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A Tale of Two Clouds

by David M. Smith  |  September 29, 2008  |  4 Comments

Think that the hype around cloud computing might generate some kind of consensus? Think again. Reading blogs and listening to enterprises and vendors have led me to the following conclusion: The term cloud computing has come to mean two apparently very different things:

The ‘cloud’ as an internet/web/saas originated idea, with credit largely given to Eric Schmidt for the term. It is a global class phenomenon and is a high level concept that includes much. The focus is more on ‘cloud’ than ‘computing.’ Gartner’s definition (“a style of computing where massively scalable IT-enabled capabilities are delivered ‘as a service’ to external customers using Internet technologies.”) is along these lines. Frank Gillette at Forrester defines it similarly.

This is a narrower view that also applies more to traditional enterprise approaches. GigaOM disagrees with Forrester and subscribes to the virtualization view. At Gartner, we don’t consider these technologies and offerings to be “cloud computing” in its entirety. Many vendors and media subscribe to this limited view of cloud computing, which relates to cloud system infrastructure only.

As usual, when a term can have multiple meanings, confusion abounds. The problems become most evident when discussing ‘internal clouds.’ Does this term mean the application of cloud (eg global class) characteristics internally? Or does it mean virtualization and its evolution? These arguments can lead to some much testier disagreements than the relatively tame disagreement by GigaOM.

There is some connection between the two perspectives. The connection is that virtualization (of some sort, not necessarily virtual machines) is a way to implement the underlying infrastructure in the cloud.

Both views are valid. A key to getting through the confusion is to recognize when the term is being used to mean a broad concept and when is being used to mean a more focused system infrastructure view.

Cloud and virtualization are not the same as my colleague Tom Bittman writes. While virtualization doesn’t mean you have a cloud, it doesn’t mean you don’t have one either.  Other factors, such as whether a services model is employed is more important.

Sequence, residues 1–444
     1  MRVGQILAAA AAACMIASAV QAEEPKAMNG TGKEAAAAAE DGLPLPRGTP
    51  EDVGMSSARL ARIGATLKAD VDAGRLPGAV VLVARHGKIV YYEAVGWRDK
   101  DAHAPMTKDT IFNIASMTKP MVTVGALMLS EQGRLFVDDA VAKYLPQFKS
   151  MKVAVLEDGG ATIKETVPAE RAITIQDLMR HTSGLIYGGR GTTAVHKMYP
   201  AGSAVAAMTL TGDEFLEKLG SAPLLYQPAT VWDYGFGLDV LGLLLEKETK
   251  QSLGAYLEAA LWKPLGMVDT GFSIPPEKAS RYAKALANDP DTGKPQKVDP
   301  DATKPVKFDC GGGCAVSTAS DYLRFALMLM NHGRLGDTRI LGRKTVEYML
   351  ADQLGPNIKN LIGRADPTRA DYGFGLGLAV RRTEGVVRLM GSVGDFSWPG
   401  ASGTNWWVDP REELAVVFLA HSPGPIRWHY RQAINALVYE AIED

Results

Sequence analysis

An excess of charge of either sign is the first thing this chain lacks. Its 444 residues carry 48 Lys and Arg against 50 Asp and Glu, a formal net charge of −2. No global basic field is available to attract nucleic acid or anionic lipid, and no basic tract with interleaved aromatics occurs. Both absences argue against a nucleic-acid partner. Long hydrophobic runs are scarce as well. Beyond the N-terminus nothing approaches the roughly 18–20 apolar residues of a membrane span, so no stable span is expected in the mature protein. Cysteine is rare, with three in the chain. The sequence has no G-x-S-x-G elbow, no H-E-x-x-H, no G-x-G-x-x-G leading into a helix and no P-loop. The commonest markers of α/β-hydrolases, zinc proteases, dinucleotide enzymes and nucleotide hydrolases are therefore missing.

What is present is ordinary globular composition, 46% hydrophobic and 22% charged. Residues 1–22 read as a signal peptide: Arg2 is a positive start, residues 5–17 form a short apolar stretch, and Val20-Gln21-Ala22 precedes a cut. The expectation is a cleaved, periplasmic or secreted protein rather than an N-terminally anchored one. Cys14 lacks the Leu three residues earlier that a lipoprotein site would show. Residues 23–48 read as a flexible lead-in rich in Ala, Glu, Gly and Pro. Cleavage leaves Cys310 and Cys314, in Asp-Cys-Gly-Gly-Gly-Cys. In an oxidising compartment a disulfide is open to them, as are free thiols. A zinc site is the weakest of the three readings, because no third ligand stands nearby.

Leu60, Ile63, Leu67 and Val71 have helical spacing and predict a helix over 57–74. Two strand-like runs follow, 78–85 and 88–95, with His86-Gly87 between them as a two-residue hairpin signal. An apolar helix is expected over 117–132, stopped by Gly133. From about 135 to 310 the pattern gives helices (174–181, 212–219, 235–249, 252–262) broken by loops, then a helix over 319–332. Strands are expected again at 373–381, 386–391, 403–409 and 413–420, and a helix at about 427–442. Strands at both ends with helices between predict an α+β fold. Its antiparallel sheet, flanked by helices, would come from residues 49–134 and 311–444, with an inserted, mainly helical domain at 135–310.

Stay tuned for more. Something tells me we haven’t heard the last of this…

Category: 

Tags: cloud  virtualization  

David Mitchell Smith
VP & Gartner Fellow
16 years at Gartner
30 years IT industry

David Mitchell Smith is a vice president and Gartner Fellow in Gartner Research, where he specializes in the impact of catalytic technologies such as the Internet, Web 2.0, cloud computing and consumer technologies. Read Full Bio


Thoughts on A Tale of Two Clouds


  1. Hi David, Good post.

    With any hot and trendy emerging technology or trend, one of the biggest problems is lack of definitional rigor. This type of discussion is really useful to try and take back important concepts from the hype meisters and press.

    BTW, kudos for linking to the Forrester research note and GigaOm posts. Shows you are getting into the spirit of blogging.

  2. […] on September 26, 2008 by sagecircle Update 9/30/08: Kudos to David Mitchell Smith for his post A Tale of Two Clouds that links to a Forrester research note and other non-Gartner commentators. Nice to see a […]

  3. Michael West says:

    David, I think this is a spurious controversy that will certainly get you some play, but to what end? Anybody who matters understands that Cloud Computing refers to SaaS and On-demand infrastructure solutions whether public by subscription or other fungible pricing mode or private. Virtualization is one enabling technology, but certainly not the only technology involved. Browsers and Web services APIs are equally important. Come on now, David. You can do better than this.

  4. Anthony Bradley says:

    “Anybody who matters understands” sounds a bit eletist to me. Gartner clients exploring cloud as an addition to their IT portfolio are asking the question, don’t they matter? Ellison and Stallman don’t seem clear on cloud. Do they not matter? Unfortunately, many people that matter don’t understand cloud computing and the various ways it can deliver value. Definitions ar a recurring challenge in the adoption of any new technology or new technology term. Any new term getting significcant press immediately has any remotely associated vendors jumping on the bandwaggon and causing confusion. This challenge isn’t new and applies to all of the hyped terms like Web 2.0, E2.0, mashups, etc. Or we could just say, “anybody that matters understands.” After all, that would be much easier.



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